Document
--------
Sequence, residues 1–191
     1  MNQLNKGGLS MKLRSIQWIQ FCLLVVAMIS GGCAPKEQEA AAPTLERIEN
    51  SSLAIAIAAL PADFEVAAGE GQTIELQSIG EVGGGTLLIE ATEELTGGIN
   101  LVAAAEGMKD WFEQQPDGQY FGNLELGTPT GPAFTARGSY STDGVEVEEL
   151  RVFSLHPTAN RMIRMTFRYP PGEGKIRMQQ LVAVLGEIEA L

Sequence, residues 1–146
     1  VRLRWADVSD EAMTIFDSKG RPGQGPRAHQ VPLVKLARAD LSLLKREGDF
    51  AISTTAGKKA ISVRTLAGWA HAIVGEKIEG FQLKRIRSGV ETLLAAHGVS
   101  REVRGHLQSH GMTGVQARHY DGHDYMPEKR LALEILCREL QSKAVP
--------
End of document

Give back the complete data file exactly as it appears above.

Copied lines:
Sequence, residues 1–191
     1  MNQLNKGGLS MKLRSIQWIQ FCLLVVAMIS GGCAPKEQEA AAPTLERIEN
    51  SSLAIAIAAL PADFEVAAGE GQTIELQSIG EVGGGTLLIE ATEELTGGIN
   101  LVAAAEGMKD WFEQQPDGQY FGNLELGTPT GPAFTARGSY STDGVEVEEL
   151  RVFSLHPTAN RMIRMTFRYP PGEGKIRMQQ LVAVLGEIEA L

Sequence, residues 1–146
     1  VRLRWADVSD EAMTIFDSKG RPGQGPRAHQ VPLVKLARAD LSLLKREGDF
    51  AISTTAGKKA ISVRTLAGWA HAIVGEKIEG FQLKRIRSGV ETLLAAHGVS
   101  REVRGHLQSH GMTGVQARHY DGHDYMPEKR LALEILCREL QSKAVP